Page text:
New preprint: Robust stabilization!

I’m excited to share our new preprint on robust stabilization, by Saman Cyrus and myself. The title is “Generalized necessary and sufficient robust boundedness results for feedback systems”, and it is now available on arXiv. This work is the culmination of Saman’s PhD and formed the core of his thesis, which he recently successfully defended (!).

Robust stabilization is an old problem, dating back at least 70 years to the seminal work of Lur’e, Zames, and Willems. The basic idea is that a known system G is in feedback with an unknown nonlinearity H constrained to lie in some known set, and we seek sufficient conditions on G that ensure stability of the interconnection. In this work, we looked at the case where the nonlinearity is constrained to lie in a cone (also known as “sector-bounded”). Results of this type include: small-gain, circle, passivity, and extended conicity. It may be possible to extend our ideas to dynamic versions of robust stability (multiplier theory, dissipativity, or integral quadratic constraints), but this is an area for future work.

Robust stabilization results are typically formulated in the extended space L2e and can be expressed in a variety of ways, depending how which assumptions are made (causality, stability, linearity, time-invariance, etc.). Moreover, most of these results are only sufficient while some others are “necessary and sufficient”. Necessity can also mean two different things; when the conditions fail, can we construct worst-case signals only? Or can we also construct worst-case nonlinearities?

Our aim in this work was to disentangle the different formulations of these results and distill them into a single unified result that makes as few assumptions as possible. We worked with relations in an arbitrary semi-inner product space, which allowed us to avoid the notions of “causality”, “stability”, “time-invariance”, and “well-posedness”. In fact, we don’t even assume a notion of “time”! In this setting, we prove a very general necessary and sufficient condition for robust boundedness that requires essentially no assumptions. When our condition fails to hold, we show how to explicitly construct worst-case signals, and an associated worst-case nonlinearity. Moreover, our construction produces a nonlinearity that happens to be linear, which is nice.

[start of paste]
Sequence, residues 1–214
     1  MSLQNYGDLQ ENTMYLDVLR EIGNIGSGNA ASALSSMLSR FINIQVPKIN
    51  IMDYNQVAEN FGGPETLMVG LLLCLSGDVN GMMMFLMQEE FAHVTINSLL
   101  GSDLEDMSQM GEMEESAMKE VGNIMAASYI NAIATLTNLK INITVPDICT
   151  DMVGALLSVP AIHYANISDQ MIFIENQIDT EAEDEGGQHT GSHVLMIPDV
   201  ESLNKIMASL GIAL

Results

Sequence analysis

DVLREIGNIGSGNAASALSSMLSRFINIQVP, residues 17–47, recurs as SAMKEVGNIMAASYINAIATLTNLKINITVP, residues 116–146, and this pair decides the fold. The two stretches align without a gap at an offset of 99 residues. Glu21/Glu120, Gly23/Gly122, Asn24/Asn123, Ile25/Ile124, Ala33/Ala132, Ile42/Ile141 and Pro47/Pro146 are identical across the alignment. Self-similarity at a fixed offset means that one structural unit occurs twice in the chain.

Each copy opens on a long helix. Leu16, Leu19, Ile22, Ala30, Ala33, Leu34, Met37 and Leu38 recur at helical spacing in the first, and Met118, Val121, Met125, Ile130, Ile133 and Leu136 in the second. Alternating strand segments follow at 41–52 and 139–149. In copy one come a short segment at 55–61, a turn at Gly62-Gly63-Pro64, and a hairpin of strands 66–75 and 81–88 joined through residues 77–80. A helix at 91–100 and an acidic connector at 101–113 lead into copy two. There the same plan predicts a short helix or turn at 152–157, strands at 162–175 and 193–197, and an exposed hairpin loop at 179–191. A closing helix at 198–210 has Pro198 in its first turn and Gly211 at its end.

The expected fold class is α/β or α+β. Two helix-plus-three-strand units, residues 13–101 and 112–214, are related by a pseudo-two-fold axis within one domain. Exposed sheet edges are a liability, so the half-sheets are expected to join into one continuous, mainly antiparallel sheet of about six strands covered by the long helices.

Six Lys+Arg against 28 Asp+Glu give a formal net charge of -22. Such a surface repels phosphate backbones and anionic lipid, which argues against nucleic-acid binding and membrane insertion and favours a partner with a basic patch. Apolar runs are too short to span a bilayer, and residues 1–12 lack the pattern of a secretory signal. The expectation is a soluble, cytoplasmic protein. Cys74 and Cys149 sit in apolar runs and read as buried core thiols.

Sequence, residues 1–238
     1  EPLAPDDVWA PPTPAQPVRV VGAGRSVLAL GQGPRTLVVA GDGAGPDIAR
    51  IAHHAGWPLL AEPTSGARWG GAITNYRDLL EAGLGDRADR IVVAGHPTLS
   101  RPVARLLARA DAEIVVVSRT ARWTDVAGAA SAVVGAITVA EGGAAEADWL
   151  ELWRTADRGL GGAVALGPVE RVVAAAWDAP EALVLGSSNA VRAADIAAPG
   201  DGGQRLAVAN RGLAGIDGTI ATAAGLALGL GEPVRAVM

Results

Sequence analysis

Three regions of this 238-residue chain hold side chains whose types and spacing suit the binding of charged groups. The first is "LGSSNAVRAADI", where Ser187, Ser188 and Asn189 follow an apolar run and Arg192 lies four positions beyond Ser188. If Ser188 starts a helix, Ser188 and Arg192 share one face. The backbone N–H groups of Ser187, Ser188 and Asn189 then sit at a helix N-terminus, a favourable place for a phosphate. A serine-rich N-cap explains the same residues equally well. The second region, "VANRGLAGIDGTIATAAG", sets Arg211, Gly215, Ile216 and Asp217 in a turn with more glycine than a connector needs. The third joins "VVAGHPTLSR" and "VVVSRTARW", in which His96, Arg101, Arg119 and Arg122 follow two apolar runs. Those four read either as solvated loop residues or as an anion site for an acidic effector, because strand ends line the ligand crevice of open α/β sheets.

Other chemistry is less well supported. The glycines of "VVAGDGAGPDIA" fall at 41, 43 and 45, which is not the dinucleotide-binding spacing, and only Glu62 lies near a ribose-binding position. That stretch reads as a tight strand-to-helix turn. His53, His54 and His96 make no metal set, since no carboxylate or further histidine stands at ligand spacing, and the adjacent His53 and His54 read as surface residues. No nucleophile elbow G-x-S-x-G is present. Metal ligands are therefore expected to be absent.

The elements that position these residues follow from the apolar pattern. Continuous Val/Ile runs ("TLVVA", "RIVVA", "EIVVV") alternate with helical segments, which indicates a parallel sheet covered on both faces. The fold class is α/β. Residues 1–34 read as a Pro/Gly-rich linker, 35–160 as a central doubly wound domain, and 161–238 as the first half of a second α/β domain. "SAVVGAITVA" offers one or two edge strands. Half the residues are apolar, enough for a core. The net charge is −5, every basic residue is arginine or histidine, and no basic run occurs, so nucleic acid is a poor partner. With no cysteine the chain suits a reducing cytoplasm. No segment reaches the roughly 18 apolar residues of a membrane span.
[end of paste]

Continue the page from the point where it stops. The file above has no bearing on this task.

Specializing our result to causal operators on L2e, this is what happens:

  1. When our condition fails, we can still construct worst-case signals. This works even when the plant G is nonlinear. Note: although the S-procedure can be used to prove this result, it would require assuming G is linear and would be non-constructive. We provide a direct construction and no linearity assumption is needed.
  2. The second step of our construction (constructing a worst-case nonlinearity) does not work in the L2e case because it typically produces a non-causal nonlinearity.
  3. By making additional assumptions, namely that G is LTI, we can construct worst-case nonlinearities that are causal. Our construction produces an LTI nonlinearity (in fact, a pure delay).
These results coincide with what was found in the literature. For example, the necessary-and-sufficient circle criterion of Vidyasagar assumes an LTI plant and constructs a worst-case nonlinearity using a pure delay. Also, the necessary-and-sufficient small gain theorem of Zhou, Doyle, and Glover assumes an LTI plant and constructs a worst-case LTI nonlinearity. In the case where G is LTI, we also provide frequency-domain and LMI flavors of our result.

Our work unifies existing results from the literature in the following way:

  1. Existing necessary-and-sufficient results are special cases of our general result.
  2. Existing sufficient-only results follow directly from our general necessary-and-sufficient condition once we apply the appropriate relaxations. We give examples in the text of how this works.

This turned out to be a very educational research project for both Saman and myself, on a rich and interesting topic, and I hope were able to do it justice! I also posted a Twitter thread summarizing the paper.